Two short but incredibly potent phrases in the Bible have been gripping me lately: “Do the work of an evangelist” (2 Timothy 4:6) and “Therefore, knowing the fear of the Lord, we persuade men” (2 Corinthians 5:11). As I’ve felt the Lord’s hand on me through these verses I’ve made it a personal goal to share the gospel in person with an unbeliever once a week this coming year.
(A couple of words about a goal like this—first, I’ve found that unless I’m specific and goal-oriented in my personal evangelism, I tend to “lay back and relax” and rarely engage others with the gospel. I make a measurable goal just to help me personally to engage and be intentional, not to be legalistic. Secondly, this is going to greatly stretch me personally, and I would appreciate prayers and people asking me how it’s going!)
As I’ve been thinking about what any hope of accomplishing this goal would take, I’ve thought through the following necessary commitments of a lifestyle of evangelism:
“By God’s grace, I will always be willing and eager to speak for Christ.” This is the first and most difficult commitment. I have often found myself unwilling to interrupt my busy life for an awkward fifteen minute conversation or unwilling to risk a friend or family member rejecting me when I try to share Christ. Fear and selfishness are the great enemies of my evangelism. I’ve learned that the Lord would leave no conversation untouched, that He would have me always ready, willing, and eager to engage someone for Christ, even if no opportunities in a particular interaction arise. This is ultimately a heart issue—is my love for Jesus such that I’ll submit every one of my interactions with the people around me to his Lordship? Am I experiencing His grace so much that I long for those around me to experience it as well, and that I’m therefore eager to speak a word for Christ?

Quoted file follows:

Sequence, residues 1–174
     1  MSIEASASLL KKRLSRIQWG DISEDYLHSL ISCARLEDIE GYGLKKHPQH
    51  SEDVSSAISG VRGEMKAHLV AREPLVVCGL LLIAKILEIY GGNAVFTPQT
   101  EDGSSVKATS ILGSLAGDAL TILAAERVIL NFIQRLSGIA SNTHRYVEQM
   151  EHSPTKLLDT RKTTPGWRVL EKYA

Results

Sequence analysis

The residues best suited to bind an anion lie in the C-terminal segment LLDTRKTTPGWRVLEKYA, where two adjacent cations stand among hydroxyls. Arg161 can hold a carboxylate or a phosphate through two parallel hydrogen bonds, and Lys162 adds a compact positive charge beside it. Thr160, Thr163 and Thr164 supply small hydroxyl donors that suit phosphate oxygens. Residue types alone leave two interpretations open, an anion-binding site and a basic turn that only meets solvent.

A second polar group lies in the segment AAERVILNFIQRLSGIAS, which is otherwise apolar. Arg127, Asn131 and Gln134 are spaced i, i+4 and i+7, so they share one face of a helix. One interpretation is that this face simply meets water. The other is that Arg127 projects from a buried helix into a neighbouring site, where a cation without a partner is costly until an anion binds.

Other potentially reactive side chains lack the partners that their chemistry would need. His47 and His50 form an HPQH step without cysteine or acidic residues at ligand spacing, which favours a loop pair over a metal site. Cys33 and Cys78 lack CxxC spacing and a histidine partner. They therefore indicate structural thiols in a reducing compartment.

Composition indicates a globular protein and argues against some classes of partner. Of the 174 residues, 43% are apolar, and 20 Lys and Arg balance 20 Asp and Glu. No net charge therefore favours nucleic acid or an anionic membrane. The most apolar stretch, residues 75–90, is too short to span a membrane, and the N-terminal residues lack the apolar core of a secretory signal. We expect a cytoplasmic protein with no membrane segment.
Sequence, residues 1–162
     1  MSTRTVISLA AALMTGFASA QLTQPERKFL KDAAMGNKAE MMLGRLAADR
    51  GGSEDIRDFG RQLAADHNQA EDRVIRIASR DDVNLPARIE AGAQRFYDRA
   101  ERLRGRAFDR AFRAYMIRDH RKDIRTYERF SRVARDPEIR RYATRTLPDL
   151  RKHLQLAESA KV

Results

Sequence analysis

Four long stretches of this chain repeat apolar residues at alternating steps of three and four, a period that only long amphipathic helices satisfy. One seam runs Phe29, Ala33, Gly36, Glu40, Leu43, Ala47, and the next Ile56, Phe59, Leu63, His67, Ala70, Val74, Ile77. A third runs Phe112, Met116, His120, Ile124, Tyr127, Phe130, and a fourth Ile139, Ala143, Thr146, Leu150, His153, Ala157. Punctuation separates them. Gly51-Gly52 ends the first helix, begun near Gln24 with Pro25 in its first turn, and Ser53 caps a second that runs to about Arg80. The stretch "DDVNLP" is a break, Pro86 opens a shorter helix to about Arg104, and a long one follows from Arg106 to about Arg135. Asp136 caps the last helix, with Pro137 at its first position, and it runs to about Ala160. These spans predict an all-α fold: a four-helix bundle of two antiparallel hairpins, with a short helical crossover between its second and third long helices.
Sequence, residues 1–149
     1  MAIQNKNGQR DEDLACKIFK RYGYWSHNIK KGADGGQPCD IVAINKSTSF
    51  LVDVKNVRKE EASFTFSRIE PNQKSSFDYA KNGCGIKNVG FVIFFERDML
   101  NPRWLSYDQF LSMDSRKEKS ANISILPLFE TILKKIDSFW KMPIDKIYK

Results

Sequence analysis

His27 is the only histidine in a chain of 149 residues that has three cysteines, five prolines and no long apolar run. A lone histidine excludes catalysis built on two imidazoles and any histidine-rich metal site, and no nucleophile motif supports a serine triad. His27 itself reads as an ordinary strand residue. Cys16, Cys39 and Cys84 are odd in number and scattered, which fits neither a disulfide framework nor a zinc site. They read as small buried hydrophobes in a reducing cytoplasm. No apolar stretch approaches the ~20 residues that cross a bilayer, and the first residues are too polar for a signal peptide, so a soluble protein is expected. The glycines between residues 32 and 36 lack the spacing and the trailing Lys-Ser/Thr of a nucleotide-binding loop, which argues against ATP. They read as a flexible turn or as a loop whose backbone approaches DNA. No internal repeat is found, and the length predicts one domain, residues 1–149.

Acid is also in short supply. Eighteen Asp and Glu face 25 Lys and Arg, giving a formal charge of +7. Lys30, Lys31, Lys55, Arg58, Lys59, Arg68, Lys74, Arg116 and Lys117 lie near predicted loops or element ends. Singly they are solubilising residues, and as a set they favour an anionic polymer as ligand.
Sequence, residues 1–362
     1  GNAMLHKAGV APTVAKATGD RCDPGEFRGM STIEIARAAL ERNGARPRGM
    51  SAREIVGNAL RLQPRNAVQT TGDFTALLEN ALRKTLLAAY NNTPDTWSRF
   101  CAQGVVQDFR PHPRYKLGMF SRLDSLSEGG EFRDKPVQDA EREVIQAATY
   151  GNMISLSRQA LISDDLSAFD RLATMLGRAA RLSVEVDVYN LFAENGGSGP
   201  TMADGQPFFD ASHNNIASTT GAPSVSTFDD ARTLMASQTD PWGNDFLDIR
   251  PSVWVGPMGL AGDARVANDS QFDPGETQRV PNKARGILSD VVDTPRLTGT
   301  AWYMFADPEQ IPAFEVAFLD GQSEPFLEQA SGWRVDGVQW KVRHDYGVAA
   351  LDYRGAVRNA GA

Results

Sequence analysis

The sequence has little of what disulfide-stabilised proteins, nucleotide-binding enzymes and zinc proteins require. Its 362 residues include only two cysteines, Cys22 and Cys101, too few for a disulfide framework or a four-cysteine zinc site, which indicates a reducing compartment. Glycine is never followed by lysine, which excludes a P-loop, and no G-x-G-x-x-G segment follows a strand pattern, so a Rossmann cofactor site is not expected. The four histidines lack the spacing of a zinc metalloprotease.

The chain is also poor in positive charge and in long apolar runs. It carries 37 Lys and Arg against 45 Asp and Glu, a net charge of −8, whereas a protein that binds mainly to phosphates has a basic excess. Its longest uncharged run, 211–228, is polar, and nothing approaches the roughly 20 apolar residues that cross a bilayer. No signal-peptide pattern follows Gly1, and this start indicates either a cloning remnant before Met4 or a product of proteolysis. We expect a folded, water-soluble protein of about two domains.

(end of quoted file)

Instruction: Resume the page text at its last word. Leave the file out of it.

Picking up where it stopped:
“By God’s grace, I will expect God to show up when I open my mouth for Jesus.” One of the things I have been most convicted of is being surprised when people respond positively to the gospel or are open to discussing it. It’s like I just share Christ out of obligation, never actually expecting God to work. God blesses faith-filled expectation. Expect God to show up, to help you, and to save unbelievers when you open your mouth for Jesus. The Holy Spirit is real, He is absolutely sovereign over the hearts of people, and He is able to bring life-changing fruit to your reaching out and speaking the gospel to an unbeliever.
“By God’s grace, I will notice, care for, and engage those around me.” One of my seminary professors said, “We don’t need to pray for opportunities for evangelism, we need to pray that God would open our eyes to all of the opportunities for evangelism around us every day.” If you are ever in public places, if you ever go to the same coffee shop or grocery store, if you have any neighbors, if you go on family vacations, you are surrounded by opportunities for evangelism. But you have to open your eyes to the people around you. Get off your iPhone in public places, slow down a little bit, and notice the people around you. Interact with them and make your barista’s or grocery clerk’s day by noticing them and being kind to them. Those interactions are some of the best beginning places for personal evangelism.
“By God’s grace, I will leverage my lifestyle.” When Sarah and I first got our dog Riley we thought she was for us. And then all of a sudden—through walking the dog, going to dog parks, taking her out in our apartment complex—we found ourselves around unbelievers who also had dogs all the time, with all sorts of common ground and experiences to share with them. We soon realized that in God’s providence we got our dog at least partly so that we could be more in the lives of unbelievers. The same is true of every interest you have: whether it’s college football, martial arts, chess, music, fitness, hunting, fishing, etc., God has given you your interests not just for your enjoyment, but also to give you affinities (common ground) with unbelievers.